What I Learned about Leadership from Brendan Byrne

Few outside the Garden State will probably note the passing of Governor Brendan Byrne, who served two terms from 1974 to 1982.  He never ran for President, nor did he have any notable scandals in his administration.  For most of his tenure, New Jersey played the butt of the jokes from other 49 states, with the emergence of Bruce Springsteen as the notable exception.  However, I learned a little bit about leadership from him, thanks to my grandfather, that I carry with me to this day and, I hope, I live up to.

If my meeting the Governor happened by chance, my grandfather helped the odds a bit.  Before his career in government, Byrne practiced law and had my grandfather as a client in the 1950s.  In 1980, my grandfather celebrated his 65th birthday by taking his children and grandchildren to Bermuda for the Memorial Day weekend.  We ran into the Governor in a hotel lobby.  My grandfather strode across the carpet and shook the Governor’s hand, exchanging greetings and asking after each other in a polite but genuine fashion.  As a 10-year-old, I stood awestruck that my grandfather spoke so easily with, by my reckoning, the second-most-powerful politician in America.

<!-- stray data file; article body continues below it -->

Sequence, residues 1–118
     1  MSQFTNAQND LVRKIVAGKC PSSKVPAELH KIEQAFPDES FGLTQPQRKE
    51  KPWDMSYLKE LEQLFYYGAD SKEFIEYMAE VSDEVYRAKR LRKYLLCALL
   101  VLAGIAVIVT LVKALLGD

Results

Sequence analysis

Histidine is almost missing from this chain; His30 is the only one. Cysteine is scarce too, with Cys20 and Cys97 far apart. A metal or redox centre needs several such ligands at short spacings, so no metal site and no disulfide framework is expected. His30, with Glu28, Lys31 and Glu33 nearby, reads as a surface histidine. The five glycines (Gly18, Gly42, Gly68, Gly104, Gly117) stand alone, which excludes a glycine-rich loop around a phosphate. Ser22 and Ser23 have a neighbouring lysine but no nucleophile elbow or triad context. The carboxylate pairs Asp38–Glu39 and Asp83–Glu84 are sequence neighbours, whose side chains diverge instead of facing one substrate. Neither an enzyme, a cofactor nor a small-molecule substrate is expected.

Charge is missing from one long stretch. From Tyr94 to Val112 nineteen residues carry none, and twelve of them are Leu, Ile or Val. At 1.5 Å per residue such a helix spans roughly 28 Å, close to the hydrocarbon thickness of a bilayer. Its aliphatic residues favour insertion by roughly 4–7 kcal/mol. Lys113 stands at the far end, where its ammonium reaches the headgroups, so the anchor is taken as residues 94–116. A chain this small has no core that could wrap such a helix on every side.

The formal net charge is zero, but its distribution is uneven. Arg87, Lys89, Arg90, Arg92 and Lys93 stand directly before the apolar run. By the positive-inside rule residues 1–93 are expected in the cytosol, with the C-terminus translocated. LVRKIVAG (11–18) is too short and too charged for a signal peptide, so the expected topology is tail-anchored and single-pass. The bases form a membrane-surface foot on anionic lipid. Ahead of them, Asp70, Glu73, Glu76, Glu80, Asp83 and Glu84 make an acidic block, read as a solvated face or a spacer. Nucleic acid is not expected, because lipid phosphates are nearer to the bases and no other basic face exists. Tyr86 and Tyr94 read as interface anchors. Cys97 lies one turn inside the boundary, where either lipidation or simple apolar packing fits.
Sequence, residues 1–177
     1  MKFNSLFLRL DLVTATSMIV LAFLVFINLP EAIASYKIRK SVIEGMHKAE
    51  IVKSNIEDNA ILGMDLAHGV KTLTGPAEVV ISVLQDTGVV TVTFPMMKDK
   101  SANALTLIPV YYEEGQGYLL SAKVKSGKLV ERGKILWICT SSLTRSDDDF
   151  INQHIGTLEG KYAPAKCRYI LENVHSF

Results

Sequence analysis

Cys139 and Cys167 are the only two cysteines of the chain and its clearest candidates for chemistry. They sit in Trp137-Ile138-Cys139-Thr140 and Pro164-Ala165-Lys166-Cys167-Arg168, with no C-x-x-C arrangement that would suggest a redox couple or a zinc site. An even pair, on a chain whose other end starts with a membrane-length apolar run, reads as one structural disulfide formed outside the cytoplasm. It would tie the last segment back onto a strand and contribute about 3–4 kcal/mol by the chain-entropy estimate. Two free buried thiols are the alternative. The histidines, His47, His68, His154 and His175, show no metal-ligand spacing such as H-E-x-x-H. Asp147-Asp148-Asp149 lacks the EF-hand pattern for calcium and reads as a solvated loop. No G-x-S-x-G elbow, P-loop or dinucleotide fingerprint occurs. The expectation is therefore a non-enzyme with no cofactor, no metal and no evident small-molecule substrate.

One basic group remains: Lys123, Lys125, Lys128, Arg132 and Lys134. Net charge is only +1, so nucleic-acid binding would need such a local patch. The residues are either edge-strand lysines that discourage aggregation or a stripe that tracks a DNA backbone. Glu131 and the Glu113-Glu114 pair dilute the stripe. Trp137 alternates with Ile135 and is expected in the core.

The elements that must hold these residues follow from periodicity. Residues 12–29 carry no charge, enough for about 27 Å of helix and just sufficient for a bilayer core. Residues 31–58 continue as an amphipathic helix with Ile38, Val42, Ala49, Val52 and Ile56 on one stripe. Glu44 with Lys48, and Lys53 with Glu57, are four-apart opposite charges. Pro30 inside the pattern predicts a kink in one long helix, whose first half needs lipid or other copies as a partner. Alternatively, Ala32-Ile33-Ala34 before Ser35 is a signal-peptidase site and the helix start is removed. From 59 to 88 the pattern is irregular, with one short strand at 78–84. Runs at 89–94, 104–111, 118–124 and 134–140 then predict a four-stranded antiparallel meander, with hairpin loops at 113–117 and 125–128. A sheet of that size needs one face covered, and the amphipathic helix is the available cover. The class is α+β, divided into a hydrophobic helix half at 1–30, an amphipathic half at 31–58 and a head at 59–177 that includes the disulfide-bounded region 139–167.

Years later, I spent a summer working at my grandfather’s demolition company doing everything from driving him around to jobsites to picking steel rebar from the rubble of recently-dismantled buildings.  Among other things, I saw my grandfather interact with the men who worked for him as foremen, truckers, equipment operators and laborers.  And that’s what he called them, “the men.”  Never “the guys,” “the fellas” or even the faux-honorific “the gentlemen.”  Always “the men.”

He spoke frankly and genuinely with them.  He had an easy familiarity with them that he did not put on.  It was how he talked.

Years later, I would note that he spoke as easily with his men as he did with the Governor.  And that’s when I realized a great truism of dealing with co-workers.  The opposite was even more true: he spoke with his men with as much respect as if they had been the Governor of New Jersey.

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